Dinnerware pieces are among some of the first entirely man-made objects created, and nearly every primitive society produced dinnerware in some form. In addition to their use as eating utensils, these early pieces were used for carrying water, cooking, or the storage of food. The Chinese are credited with inventing what we know as dinnerware today, and with the development of processes over thousands of years that eventually led to the mixing of clay and stone to produce the first true porcelain pieces. More development led to the discovery of fireable clear and colored glazes, as well as individualized decoration. These dinnerware pieces were migrated to Europe via established trade routes with the west where they became highly prized items. Formulae and production processes used to produce dinnerware in Europe were continually developed and refined, eventually yielding the fine patterns and dinnerware sets that we know today.
Today's dinnerware owes much of its development to advances made in body and glaze formulas, decorative methods, and manufacturing techniques that occurred in England's Staffordshire pottery district between 1750 and 1850. English designers and manufacturers set the dinnerware quality standards for the rest of the world, and they are still the leaders in this field today.
Dinnerware (ceramic) is produced in various categories using a mixture of raw materials, including different types and grades of clay, stone, glass, and bone ash. These materials, combined with standardized firing temperatures, produce dinnerware types in different categories that include pottery and earthenware, stoneware, porcelain, and bone china.
Pottery is made from lower grade clay, is fired at relatively low temperatures, and does not become vitrified (hard and "glassy") or translucent after firing. For thousands of years, people have created pottery by molding pots, bowls, plates, and pitchers from clay and then baking them. Over the years pottery has come to be known by a number of names, including earthenware, semi-porcelain, graniteware, and ironstone. Unfinished pottery is typically somewhat porous with a thick, opaque, clay body. Pottery dinnerware patterns carried at Replacements include Village by Pfaltzgraff, America by Pfaltzgraff, Fruit by Stangl, Ultrastone-Country Blue by Mikasa, Blue Nordic by J&G Meakin, and thousands of others. Earthenware is similar to pottery but it is usually more durable and suitable for everyday use. Replacements also carries a large selection of earthenware patterns including Fiestaware by Homer Laughlin, Desert Rose by Franciscan, and Apple by Franciscan.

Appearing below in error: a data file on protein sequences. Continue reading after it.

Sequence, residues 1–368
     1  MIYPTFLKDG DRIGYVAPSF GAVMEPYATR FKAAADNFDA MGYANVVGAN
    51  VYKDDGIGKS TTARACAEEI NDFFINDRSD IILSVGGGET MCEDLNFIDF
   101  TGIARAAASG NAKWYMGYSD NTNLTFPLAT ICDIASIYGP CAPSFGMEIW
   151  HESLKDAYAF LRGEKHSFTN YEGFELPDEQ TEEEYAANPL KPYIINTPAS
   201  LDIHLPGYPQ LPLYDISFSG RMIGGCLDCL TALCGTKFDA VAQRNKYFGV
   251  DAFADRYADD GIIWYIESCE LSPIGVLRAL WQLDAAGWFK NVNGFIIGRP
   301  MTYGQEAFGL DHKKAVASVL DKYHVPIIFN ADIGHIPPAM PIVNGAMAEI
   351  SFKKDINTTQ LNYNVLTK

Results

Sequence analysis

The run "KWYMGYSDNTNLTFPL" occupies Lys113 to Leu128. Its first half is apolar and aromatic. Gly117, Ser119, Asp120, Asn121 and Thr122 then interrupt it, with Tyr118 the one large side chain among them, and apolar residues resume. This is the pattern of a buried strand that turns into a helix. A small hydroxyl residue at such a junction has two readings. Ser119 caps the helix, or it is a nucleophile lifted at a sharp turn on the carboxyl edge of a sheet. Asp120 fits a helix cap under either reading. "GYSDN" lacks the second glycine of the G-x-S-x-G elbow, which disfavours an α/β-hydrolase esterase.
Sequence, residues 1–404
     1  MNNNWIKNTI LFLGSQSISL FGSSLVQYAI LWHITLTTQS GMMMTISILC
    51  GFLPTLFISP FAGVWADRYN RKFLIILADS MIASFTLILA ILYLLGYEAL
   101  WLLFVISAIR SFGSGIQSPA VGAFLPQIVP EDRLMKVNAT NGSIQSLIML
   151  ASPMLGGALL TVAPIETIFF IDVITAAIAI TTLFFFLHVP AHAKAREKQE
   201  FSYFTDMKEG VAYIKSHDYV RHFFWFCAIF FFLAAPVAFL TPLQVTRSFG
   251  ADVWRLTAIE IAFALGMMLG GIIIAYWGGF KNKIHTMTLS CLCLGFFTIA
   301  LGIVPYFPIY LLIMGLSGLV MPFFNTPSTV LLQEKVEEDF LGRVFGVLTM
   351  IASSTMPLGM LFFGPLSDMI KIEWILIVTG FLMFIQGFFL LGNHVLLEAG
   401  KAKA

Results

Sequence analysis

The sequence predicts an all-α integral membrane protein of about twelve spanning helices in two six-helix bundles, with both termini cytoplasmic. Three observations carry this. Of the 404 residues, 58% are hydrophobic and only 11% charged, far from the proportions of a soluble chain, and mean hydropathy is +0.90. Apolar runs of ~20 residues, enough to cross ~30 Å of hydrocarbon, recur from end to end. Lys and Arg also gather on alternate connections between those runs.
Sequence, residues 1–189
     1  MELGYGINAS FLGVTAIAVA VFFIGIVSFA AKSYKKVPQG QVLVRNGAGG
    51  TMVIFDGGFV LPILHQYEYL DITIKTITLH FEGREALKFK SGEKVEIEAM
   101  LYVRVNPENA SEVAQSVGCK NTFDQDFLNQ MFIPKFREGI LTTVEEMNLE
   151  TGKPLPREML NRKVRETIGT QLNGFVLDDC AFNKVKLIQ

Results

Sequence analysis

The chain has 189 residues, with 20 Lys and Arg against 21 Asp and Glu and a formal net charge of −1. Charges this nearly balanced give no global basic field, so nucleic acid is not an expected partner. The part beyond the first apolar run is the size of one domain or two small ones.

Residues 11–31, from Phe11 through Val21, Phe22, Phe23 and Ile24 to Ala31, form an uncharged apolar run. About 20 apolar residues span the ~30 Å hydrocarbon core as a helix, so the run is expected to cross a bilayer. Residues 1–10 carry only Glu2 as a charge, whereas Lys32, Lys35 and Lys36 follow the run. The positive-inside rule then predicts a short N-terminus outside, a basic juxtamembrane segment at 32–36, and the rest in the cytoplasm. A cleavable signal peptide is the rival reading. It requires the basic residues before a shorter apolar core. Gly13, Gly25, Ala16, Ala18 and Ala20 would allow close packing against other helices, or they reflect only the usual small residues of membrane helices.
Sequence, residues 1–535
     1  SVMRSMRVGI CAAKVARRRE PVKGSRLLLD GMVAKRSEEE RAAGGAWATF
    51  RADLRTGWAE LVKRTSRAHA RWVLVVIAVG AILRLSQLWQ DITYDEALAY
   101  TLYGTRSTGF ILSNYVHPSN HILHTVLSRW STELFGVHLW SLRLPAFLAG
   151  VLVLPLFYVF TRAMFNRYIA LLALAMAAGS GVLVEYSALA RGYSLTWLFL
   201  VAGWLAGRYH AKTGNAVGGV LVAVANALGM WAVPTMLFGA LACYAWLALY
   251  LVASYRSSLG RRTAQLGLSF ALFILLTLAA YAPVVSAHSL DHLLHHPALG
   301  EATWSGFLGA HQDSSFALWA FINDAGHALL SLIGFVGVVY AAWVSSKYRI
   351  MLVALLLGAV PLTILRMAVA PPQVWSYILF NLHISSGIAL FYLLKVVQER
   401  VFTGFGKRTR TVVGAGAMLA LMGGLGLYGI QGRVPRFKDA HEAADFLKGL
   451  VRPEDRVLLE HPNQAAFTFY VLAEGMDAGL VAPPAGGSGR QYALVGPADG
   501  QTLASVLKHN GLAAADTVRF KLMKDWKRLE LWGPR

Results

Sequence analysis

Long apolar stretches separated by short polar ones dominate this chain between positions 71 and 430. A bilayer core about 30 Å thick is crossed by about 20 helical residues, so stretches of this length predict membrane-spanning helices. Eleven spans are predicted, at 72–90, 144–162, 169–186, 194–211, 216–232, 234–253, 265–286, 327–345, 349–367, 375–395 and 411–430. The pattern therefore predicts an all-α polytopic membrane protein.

Stoneware is very hard and dense, and stoneware dinnerware sets, in undecorated form, vary in color from brown to blue-gray. Stoneware is fired at very high temperatures and has a somewhat vitrified body that is water-resistant and more durable than pottery. A few of the thousands of stoneware dinnerware patterns stocked at Replacements includes Whole Wheat by Mikasa, Heartland by International, and Marmalade by International.
Porcelain dinnerware is made from very high quality clay and is vitreous, nonporous, and in most cases translucent. The commonly used generic term for dinnerware, "china", comes from the fact that porcelain was first made in China. It is believed that porcelain was first developed in China during the 9th century. During the early 1700’s the process used to make porcelain found its way to the European continent. There are two types of porcelain, soft paste and hard paste. Soft paste porcelain combines white clay and ground glass and is fired at a lower temperature than hard paste porcelain. Hard paste porcelain is made from china stone and kaolin, and is fired at higher temperatures. The wide variety of porcelain dinnerware patterns carried at Replacements includes Blue Garland by Johann Haviland, Holiday by Lenox, Weatherly by Lenox, Autumn by Lenox, Sunnyvale by Castleton, Richelieu by Hutschenreuther, Azalea by Noritake, and Brookdale by Lenox.
Bone china dinnerware includes the use of highly refined clay and bone ash in its production. Bone china came into being as a result of a number of experiments performed by English china manufacturers in the mid-eighteenth century. The English were seeking a process by which they could achieve “vitrification” during dinnerware production. When vitrification is achieved during the firing process, the clay and feldspar bond and become one material. Unfortunately, the English were unable to get their kilns hot enough to achieve vitrification. Therefore, they sought to lower the required temperature at which vitirification would take place. By adding animal bone ash to the china compound, they were able to achieve vitrification at lower temperatures. Josiah Spode was the first English producer to achieve success with this new process, and the result was a form of china that was both translucent and durable. Bone china offers advantages over porcelain including being whiter in color, lighter in weight, and less brittle. A wider range of colors can also be used in its decoration. Some of the thousands of bone china dinnerware patterns at Replacements include Old Country Roses by Royal Albert, Pembroke, Gold Trim by Aynsley, Charnwood by Wedgwood, Florentine by Wedgwood, Bianca by Wedgwood, Golden Rose by Royal Chelsea, and Autumn Roses by Royal Albert.
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Dinnerware at Replacements, Ltd. – Interesting Facts
Rinker, Harry L. Dinnerware of the 20th Century. New York: House of Collectibles, 1997
Battie, David Sotheby's Concise Encyclopedia Of Porcelain. London: Conrad Octopus Limited, 1990
Replacements, Ltd. Internal Literature.